Standard Setting and Competition

November 8, 2012

In remarks presented today at a meeting of the Intellectual Property Rights Patent Committee of the American National Standards Institute in Washington, D.C., Deputy Assistant Attorney General Renata Hesse of the Department of Justice’s Antitrust Division said:

“Standards are an important engine driving our modern economy and the Antitrust Division is working to promote the adoption of procompetitive patent policies by organizations that set standards (SSOs).”

These policies often include a commitment to license patents essential to a standard on RAND (reasonable and non-discriminatory) or FRAND (fair, reasonable and non-discriminatory) terms.  F/RAND commitments however, are often ambiguous.  The Antitrust Division has proposed several ways in which SSOs could revise their patent policies to make them less ambiguous, changes which would promote competition.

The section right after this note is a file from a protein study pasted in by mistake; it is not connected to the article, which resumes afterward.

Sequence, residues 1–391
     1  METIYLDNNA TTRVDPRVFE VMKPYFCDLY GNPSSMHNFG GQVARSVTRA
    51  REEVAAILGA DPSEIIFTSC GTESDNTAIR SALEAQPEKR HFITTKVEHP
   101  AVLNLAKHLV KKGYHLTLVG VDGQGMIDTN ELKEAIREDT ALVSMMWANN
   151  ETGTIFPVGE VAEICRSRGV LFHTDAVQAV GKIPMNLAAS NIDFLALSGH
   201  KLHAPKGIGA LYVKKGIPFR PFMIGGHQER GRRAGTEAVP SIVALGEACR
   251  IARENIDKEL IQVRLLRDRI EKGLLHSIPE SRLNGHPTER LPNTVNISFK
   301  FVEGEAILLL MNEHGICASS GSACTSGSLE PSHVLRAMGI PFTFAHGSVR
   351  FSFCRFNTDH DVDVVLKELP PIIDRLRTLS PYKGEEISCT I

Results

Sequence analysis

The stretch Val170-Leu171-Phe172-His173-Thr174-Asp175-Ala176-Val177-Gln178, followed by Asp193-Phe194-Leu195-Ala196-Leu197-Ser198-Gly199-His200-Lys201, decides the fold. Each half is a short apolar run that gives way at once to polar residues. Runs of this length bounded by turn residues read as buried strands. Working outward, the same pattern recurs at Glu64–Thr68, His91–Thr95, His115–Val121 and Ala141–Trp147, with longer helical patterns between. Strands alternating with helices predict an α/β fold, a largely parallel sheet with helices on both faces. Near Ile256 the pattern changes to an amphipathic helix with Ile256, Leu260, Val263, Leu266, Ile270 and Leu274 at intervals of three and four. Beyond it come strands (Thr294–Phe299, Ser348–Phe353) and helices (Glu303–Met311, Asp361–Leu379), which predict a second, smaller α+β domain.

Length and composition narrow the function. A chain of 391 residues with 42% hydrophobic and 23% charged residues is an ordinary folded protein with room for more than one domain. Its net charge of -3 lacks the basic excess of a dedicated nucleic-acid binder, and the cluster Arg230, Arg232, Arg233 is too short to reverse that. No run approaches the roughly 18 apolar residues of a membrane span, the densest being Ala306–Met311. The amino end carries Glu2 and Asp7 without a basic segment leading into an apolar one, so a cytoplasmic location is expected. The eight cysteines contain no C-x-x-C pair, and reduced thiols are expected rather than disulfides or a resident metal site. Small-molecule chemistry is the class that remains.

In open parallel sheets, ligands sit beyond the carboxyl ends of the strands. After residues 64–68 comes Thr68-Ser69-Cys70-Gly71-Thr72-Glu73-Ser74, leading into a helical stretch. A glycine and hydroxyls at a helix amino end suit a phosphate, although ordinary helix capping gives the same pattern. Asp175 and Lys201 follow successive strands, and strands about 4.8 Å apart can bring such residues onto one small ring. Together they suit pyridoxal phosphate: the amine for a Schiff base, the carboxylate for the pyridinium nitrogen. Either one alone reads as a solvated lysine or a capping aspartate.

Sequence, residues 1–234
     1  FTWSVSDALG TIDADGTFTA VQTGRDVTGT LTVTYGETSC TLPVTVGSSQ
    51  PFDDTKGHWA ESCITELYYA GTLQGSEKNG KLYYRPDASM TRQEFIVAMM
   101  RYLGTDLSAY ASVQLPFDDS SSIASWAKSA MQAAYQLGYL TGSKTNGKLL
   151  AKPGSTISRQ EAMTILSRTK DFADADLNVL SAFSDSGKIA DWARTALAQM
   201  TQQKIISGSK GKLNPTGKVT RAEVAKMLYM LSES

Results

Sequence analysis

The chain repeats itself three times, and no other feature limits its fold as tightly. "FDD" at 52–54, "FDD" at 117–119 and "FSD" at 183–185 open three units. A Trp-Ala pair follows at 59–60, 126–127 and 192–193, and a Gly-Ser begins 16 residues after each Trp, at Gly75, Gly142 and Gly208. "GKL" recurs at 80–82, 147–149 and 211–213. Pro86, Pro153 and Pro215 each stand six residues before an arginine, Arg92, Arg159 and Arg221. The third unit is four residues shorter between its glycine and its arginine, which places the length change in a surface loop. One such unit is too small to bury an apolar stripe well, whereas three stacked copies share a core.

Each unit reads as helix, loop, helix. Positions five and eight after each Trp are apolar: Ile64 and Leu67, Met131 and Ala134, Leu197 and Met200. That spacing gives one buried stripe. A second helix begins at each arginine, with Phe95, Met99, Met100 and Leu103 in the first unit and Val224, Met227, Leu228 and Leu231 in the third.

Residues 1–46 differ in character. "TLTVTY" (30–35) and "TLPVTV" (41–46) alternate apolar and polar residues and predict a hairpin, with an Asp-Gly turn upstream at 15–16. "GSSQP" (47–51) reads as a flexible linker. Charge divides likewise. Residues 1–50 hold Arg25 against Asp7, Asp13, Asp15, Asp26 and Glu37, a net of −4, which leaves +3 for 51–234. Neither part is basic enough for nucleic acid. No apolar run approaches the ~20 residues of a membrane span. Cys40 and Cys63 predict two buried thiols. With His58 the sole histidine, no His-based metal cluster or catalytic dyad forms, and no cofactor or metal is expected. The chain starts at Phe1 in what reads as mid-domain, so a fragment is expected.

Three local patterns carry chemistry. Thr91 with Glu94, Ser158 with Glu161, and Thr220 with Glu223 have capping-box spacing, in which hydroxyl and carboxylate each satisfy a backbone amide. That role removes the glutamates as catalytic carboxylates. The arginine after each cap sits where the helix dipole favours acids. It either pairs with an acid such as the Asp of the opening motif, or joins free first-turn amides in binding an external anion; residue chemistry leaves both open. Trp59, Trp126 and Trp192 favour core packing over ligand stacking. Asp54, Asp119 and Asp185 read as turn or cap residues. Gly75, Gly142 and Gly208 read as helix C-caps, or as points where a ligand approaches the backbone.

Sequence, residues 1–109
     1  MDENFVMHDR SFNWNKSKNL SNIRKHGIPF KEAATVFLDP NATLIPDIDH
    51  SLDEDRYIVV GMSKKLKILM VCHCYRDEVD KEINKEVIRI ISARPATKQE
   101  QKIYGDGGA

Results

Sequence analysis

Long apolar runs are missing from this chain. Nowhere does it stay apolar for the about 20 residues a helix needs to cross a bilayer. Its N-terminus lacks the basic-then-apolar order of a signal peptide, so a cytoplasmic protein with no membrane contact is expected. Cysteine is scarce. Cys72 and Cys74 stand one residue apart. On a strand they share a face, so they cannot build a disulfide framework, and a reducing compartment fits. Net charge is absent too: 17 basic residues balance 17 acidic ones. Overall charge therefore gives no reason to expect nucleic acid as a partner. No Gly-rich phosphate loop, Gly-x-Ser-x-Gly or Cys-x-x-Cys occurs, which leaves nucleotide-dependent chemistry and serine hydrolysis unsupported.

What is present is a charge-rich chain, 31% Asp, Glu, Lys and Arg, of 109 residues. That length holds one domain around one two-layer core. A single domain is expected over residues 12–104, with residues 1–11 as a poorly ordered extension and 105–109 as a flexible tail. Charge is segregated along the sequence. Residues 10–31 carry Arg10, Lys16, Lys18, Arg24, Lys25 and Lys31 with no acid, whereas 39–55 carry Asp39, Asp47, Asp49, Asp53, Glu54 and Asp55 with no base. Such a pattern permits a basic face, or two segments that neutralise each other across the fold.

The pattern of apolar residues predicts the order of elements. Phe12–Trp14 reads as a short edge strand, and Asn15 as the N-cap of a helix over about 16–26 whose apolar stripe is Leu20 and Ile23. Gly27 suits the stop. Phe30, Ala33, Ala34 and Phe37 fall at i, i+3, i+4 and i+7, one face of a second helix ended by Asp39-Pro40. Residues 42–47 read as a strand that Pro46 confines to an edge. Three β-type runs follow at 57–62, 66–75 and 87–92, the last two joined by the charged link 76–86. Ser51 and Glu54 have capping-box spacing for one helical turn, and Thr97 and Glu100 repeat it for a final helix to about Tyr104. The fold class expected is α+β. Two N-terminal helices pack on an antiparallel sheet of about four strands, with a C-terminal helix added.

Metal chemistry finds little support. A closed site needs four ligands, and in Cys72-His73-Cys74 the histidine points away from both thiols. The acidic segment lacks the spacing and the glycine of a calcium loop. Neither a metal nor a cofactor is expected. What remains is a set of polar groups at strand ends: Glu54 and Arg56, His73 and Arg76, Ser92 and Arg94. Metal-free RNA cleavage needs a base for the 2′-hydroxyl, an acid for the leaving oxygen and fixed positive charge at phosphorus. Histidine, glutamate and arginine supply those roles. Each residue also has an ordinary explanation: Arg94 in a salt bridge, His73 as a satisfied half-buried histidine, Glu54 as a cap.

The proposals range from placing some limitations on the right of the patent holder who has made a F/RAND commitment to seek an injunction to making improvements to lower the transactions cost of determining F/RAND licensing terms.  See Six “Small” Proposals for SSOs before Lunch (Oct. 2012) (PDF) for more information.

Reaction to the division’s proposals has been positive.  The division is aware that it takes time for many SSOs and their members to change intellectual property policies, particularly those that are governed by a consensus process.   Some participating in the standard-setting process have been concerned that discussing changes to SSO policies regarding the meaning of a F/RAND commitment could violate antitrust laws.

In her remarks, Hesse provided guidance on how SSOs and their members may avoid antitrust liability when discussing intellectual property policies designed to reduce the threat of hold up after a standard is set. Merely discussing a proposed rule change, she said, would not violate U.S. antitrust laws.  Moreover, the division evaluates SSO rules designed to mitigate hold up after a standard is set under the rule of reason, taking into account both the procompetitive efficiencies such rules engender as well as any harms to competition.  Hesse said that the division would condemn sham SSO rules and sham implementation of SSO rules as per se naked restraints of trade.

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